This lack of attention-to-detail particularly shows in the way that you frame a shot on the 16:9 aspect ratio screen and the Nexus 5 outputs a 4:3 image. This makes composing a shot more a case of guesswork than skill. It’s a baffling approach that seems to smack of simply not noticing the problem in the handset’s development process. In fact, this is the only place that the ‘perfect hardware and software fusion’ argument falls down. Let’s go for ‘near-perfect’, then.
Google claims that the Nexus 5’s 2300 mAh battery can achieve 17 hours of talk time and 300 hours of standby time. We all know that these figures bear little resemblance to actual use but initially, I’m pleasantly surprised by the battery life on my Nexus 5.
Tied (almost literally) to my desk at home for work reasons this week, I’ve not had much of a chance to travel around with it, but moving with a half mile radius of my house, on WiFi for a lot of the time, I got 17 hours out of the battery every day. That included 45 minutes of listening to podcasts stored on the device, an hour of streaming audio over WiFi and plenty of off/on emailing and Web browsing.
Of course, the best policy when it comes to assessing battery life of a device is to read as many reviews and user accounts as possible. Everyone uses their phone differently, and I certainly wasn’t trying to achieve lab testing conditions here. All I’ll say is that it’s no worse than any smartphone I’ve used in the past couple of years, and perhaps a bit better than a lot of Android handsets.
KitKat highlights: A magic dialer
When the Googliness of KitKat is at its best, it’s truly (sickening cliché klaxon) magical. The phone app’s dialer, is a perfect example. The search box here no longer just your personal contacts book, it’s a global phonebook, pulling in contact data for businesses around the world from Google Places.
Earlier this week I had to call the hotel I was staying in last week. Rather than search the Web for its number, I went to the Nexus 5’s dialer and entered the first few letters of the hotel’s name. As soon as it popped up in the instant search results that changed as I typed, I tapped its entry and I was calling. Seriously, Google’s mission to ‘organize the world’s information’ has certainly borne fruit here.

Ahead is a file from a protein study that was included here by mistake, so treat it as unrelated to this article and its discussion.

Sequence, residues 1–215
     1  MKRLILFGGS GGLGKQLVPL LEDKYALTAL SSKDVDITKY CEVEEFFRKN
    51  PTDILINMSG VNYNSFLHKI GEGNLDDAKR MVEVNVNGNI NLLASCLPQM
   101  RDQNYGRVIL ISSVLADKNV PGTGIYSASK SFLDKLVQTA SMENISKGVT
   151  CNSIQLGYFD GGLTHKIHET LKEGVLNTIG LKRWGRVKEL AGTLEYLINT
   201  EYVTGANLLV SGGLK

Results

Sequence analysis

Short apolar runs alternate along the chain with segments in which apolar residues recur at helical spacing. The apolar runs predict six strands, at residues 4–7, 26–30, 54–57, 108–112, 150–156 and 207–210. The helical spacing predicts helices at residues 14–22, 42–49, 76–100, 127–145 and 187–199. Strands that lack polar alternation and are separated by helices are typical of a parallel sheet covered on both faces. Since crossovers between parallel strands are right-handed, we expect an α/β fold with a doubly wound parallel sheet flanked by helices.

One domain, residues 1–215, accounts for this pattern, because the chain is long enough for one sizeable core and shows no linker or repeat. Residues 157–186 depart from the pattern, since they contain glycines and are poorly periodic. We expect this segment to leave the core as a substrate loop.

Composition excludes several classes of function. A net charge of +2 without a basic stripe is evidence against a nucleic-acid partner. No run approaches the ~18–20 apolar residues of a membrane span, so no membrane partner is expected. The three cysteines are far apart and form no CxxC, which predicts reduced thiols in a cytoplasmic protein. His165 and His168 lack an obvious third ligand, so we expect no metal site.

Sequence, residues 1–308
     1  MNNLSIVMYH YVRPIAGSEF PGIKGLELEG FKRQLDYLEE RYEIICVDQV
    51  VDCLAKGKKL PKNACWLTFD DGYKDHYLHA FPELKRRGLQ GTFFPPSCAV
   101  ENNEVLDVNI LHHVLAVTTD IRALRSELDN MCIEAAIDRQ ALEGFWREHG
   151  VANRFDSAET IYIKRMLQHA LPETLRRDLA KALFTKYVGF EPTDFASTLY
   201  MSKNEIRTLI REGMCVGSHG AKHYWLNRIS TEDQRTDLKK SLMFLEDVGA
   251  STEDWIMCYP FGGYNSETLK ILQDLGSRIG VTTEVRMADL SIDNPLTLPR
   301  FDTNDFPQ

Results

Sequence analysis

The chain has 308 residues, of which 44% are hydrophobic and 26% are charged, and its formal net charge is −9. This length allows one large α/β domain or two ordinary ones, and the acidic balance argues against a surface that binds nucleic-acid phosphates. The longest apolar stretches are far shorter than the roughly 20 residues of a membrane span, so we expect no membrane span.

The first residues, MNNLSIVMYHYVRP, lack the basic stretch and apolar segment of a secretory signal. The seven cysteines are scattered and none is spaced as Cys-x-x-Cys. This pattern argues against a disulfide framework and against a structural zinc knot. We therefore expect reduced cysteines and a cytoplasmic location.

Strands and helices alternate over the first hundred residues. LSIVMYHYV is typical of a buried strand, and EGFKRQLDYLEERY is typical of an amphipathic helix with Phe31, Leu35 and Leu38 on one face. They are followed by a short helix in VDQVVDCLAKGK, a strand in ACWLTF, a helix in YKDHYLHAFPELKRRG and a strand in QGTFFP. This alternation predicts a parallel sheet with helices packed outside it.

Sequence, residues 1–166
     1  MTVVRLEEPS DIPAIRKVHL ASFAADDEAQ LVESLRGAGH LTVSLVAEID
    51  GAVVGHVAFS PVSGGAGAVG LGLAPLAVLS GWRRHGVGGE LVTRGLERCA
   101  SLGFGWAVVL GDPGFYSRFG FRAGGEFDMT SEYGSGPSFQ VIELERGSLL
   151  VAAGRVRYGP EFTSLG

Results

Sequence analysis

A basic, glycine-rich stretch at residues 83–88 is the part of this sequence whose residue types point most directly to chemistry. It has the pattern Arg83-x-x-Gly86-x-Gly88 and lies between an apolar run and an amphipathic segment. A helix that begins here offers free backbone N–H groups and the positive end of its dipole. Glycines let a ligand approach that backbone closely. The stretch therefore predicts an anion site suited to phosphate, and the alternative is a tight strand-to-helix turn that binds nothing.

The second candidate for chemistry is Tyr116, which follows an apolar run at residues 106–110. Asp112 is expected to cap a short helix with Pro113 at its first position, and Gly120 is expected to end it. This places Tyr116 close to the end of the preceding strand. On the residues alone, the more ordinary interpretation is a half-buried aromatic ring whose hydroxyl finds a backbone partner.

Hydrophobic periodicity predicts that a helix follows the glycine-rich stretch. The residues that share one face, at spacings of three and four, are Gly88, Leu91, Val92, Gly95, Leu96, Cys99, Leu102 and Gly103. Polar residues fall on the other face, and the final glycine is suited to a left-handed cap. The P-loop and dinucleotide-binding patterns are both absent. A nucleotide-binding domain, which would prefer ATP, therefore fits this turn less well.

KitKat highlights: SMS is Hangouts is SMS
One of the most high-profile changes in KitKat (and, as of this week, available to many more Android users), is bringing SMS into Hangouts. From a user perspective (as long as you use Hangouts for IM or video chats) the benefit is one less app to worry about. From Google’s business perspective meanwhile, it’s incredibly clever. If you have to go into the Hangouts app to send a text, why not call that person or start an IM with them instead?
Hangouts for Android can’t do audio-only calls like its iOS counterpart yet, but when it eventually can, someone with a WiFi connection or a decent mobile data plan would be able to do all of their communications from a single app. Maybe one day that ‘magic’ phone app will be relegated from the default Android homescreen?
In practice, SMS within an app designed for IM and video calls isn’t an ideal situation. To start a new SMS conversation, you tap the ‘+’ button which reveals your most commonly used contacts as big thumbnails, with a list of ‘people you hangout with’ underneath it. Other contacts can be found via the search box. Tapping any of them to start a new conversation will default to a Hangout IM conversation – you’ll have to tap their name at the top of the screen to switch to SMS, something I discovered purely by trial and error. It’s hardly intuitive.
If you’re immersed in the Googleverse, this probably won’t be a problem, but I wouldn’t recommend Hangouts as an SMS app for someone who ‘just wants to send a text’. For those people, I’d suggest finding an alternative SMS app.
KitKat highlights: “Okay Google…”
The Nexus 5 brings with it the “Okay Google…” voice commands that made the Motorola Moto X so appealing, although there are some caveats. While the Moto X is constantly listening out for those magic words in order to do your bidding, the Nexus 5 will only accept voice command on the homescreen. When it is listening, it’s just as useful as on the Moto X, letting you open apps, call contacts, navigate to locations and the like with your voice.
The other downside is that the commands only work when you have your device’s language set to US English. Even UK English isn’t good enough, seemingly. That said, switching over to US English, it understood my northern English accent well enough to get most things done with my voice. It only struggled with things like song titles. “‘Devil’s Haircut’ by Beck” turned into “Devil’s haircut buyback,” for example.
There’s plenty more we could have said about Android 4.4 KitKat and its features but there are enough thorough overviews online that you can look to for that. KitKat will of course show up on other Android devices, but what’s important here is that for the first time on Android, the device and the OS feel completely at one with each other.
The Nexus 5 may be let down by its camera and some on-paper spec deficiencies against its competition (that aren’t particularly noticeable in actual usage), but as an overall (Google) experience, it’s unrivalled on Android. If you can buy it at Google’s heavily discounted Play Store price in your country, it’s heartily recommended.
Read next: Shopify now allows stores to accept Bitcoin